16 Words or Less

By Peggy Stafford; Directed by Portia Krieger
Produced by Clubbed Thumb

Off Off Broadway, New Play
Runs through 6.29.14
The Wild Project, 195 3rd Avenue 


by Molly Marinik on 7.1.14

16 Words or Less


BOTTOM LINE: A quirky comedy about why we live even though we’re eventually just going to die.

What if Little Shop of Horrors was a lyrical play about the inevitability of death and the existential limitations of life by default? What if instead of a homicidal plant, Audrey II was an omnipresent threat of impending demise?

Though actually not at all similar to Little Shop of Horrors (thanks for indulging me though), there is something worth noting about an urban flower shop -- mundane yet hopeful -- and this is the heart of 16 Words or Less. What transpires in this play is a lovely metaphorical adventure through the life of the store's employee Crystal (Crystal Finn) coming to terms with growth and change in a world full of inevitable death.

Surrounding Crystal are customers, acquaintances, doctors, and others who drift in and out of her day. Mostly via the phone on the flower shop desk, Crystal interacts with these people in various ways. Sometimes it's business -- taking an order for a flower delivery; sometimes it's personal -- talking to doctors about a recent breast cancer diagnosis. Six actors (Neal Huff, Clayton Dean Smith, Caitlin O’Connell, Jessica Rothe, Donnetta Lavinia Grays, and Mia Katigbak) nimbly portray various characters in Crystal’s life, often assembling into a telephonic Greek chorus of sorts.

Rhythm is a big part of this play, and between Peggy Stafford's expressive words and Portia Krieger's perfectly timed direction, the production maintains a heartbeat that ticks steadily on. Stafford’s use of the absurd also contributes to this theatricalized world. Krieger and cast place a thoughtful sincerity on the silly life situations that remind us that we really shouldn’t take it all too seriously. From a bone-broth diet that generates hair growth, to a grandmother getting knocked up, to an on-the-spot mastectomy, this world remains unpredictable.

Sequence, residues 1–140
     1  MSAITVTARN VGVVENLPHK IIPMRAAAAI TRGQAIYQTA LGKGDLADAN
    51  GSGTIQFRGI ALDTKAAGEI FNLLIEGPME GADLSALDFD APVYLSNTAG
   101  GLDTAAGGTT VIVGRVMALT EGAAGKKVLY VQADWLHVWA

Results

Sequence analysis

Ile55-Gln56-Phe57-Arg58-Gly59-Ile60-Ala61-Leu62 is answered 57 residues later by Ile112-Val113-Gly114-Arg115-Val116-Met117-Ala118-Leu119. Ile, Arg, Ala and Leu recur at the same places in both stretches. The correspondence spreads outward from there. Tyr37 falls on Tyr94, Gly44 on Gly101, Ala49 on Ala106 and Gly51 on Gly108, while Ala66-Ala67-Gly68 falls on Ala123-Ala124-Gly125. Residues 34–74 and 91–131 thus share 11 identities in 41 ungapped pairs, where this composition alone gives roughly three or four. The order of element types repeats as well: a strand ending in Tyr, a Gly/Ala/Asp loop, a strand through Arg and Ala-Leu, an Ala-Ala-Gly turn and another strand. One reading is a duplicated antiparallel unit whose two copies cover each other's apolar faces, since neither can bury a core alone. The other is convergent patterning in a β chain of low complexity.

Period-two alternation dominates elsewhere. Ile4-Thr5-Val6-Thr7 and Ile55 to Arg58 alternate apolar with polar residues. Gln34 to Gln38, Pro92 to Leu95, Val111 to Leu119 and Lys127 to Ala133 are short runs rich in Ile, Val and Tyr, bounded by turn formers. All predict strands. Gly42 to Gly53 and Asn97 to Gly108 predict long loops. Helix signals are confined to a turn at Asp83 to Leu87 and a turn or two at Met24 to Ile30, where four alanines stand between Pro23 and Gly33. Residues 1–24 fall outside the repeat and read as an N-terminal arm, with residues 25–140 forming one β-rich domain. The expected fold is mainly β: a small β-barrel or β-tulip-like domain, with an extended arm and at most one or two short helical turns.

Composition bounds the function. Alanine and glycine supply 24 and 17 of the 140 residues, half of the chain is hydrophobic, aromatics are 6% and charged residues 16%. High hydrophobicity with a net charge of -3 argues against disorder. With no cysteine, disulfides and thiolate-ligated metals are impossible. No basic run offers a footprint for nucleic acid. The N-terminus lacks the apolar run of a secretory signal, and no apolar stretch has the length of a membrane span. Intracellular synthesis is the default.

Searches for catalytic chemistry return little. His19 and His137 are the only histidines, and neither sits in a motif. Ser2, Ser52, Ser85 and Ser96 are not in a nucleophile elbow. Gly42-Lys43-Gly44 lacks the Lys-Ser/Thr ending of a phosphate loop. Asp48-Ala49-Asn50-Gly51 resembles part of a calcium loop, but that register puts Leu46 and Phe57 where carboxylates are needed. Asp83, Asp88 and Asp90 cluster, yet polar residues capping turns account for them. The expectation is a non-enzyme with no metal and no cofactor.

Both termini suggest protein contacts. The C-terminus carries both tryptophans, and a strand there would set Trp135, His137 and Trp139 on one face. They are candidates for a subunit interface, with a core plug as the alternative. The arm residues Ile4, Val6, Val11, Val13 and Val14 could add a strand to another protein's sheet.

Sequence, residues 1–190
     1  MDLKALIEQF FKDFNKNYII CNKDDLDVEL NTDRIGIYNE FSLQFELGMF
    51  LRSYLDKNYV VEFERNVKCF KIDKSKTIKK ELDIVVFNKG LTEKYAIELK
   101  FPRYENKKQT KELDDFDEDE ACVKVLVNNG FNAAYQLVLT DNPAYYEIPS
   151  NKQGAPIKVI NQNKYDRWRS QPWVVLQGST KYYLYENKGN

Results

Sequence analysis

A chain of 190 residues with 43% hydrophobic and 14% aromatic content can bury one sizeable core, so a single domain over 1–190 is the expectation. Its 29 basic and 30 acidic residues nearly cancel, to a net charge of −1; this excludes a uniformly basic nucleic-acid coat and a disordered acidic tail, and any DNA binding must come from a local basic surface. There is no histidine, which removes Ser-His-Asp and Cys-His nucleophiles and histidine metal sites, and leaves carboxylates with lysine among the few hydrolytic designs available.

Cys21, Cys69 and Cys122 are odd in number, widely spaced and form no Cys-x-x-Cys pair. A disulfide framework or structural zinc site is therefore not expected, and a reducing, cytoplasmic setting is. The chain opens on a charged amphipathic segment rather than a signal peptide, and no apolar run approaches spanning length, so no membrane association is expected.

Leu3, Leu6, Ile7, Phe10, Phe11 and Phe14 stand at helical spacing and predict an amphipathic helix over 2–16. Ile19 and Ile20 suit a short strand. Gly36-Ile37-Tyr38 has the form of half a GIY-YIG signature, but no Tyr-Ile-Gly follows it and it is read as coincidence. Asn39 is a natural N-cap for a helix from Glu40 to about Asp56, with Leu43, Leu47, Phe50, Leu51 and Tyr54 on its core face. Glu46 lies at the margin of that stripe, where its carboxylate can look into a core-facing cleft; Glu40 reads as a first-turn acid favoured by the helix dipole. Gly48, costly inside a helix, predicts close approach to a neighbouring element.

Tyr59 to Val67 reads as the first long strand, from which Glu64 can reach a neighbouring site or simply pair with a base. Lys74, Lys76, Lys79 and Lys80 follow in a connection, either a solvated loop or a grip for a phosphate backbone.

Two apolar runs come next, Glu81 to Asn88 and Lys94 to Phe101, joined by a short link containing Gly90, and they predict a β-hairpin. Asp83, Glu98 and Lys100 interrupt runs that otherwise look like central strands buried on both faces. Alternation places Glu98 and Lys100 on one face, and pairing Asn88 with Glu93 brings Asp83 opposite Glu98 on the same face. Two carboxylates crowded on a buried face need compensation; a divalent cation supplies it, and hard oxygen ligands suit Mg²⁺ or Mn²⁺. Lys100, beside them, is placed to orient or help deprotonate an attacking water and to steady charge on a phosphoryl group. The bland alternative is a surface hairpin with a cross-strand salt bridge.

Daniel Zimmerman's clean set design shows the flower shop center stage, with three of the four walls opened to allow seamless movement in and out of the store. Along each side wall are corded telephones, used consistently as “the outside world” with which Crystal conducts business.

“16 words or less” refers to the amount of words the flower shop allows customers to include in written cards, and just how hard it is to fully express a depth of feeling within that limitation. Stafford uses repetition to create a symphonic landscape of the aphorisms we hear on repeat when something bad happens in our lives. “I’m sorry for your loss” is uttered many times throughout the play. The number 16 transforms from words to years to days left to live.

As Crystal observes others’ life changes, noting the transformations occurring all around her, she finds the strength within herself to not just settle for the status quo. At first merely willing to cut her long hair as a donation to the cancer center, by the play’s end Crystal has begun a relationship and found better employment. We are optimistically reminded that the end isn’t here until it is.

(16 Words or Less plays at The Wild Project, 195 3rd Avenue, through July 5, 2014. Remaining performances are July 1st at 8PM; July 2nd at 8PM; July 3rd at 8PM; July 4th at 7PM; and July 5th at 8PM. Tickets are $18 and student tickets are $15. To purchase tickets visit or call OvationTix at 866-811-4111.)